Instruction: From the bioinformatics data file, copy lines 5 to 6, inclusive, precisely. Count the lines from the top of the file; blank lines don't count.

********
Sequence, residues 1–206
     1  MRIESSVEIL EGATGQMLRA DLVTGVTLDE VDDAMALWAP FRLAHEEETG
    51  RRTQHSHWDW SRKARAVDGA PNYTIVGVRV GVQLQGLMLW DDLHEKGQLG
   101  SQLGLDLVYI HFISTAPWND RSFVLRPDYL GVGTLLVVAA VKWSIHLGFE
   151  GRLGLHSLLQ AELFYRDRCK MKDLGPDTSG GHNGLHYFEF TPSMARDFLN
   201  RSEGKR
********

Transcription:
   151  GRLGLHSLLQ AELFYRDRCK MKDLGPDTSG GHNGLHYFEF TPSMARDFLN
   201  RSEGKR